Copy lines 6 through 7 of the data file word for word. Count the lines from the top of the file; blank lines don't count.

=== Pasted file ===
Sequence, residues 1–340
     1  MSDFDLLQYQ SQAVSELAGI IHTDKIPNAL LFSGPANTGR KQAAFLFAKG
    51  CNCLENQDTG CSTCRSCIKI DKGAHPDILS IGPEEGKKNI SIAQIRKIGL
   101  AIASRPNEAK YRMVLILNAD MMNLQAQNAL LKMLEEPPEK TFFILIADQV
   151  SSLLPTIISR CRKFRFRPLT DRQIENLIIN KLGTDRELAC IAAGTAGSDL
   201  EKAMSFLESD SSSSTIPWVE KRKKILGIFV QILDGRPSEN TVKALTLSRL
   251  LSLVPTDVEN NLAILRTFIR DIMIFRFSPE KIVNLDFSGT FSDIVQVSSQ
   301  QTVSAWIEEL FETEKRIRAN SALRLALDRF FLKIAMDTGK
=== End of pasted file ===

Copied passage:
   201  EKAMSFLESD SSSSTIPWVE KRKKILGIFV QILDGRPSEN TVKALTLSRL
   251  LSLVPTDVEN NLAILRTFIR DIMIFRFSPE KIVNLDFSGT FSDIVQVSSQ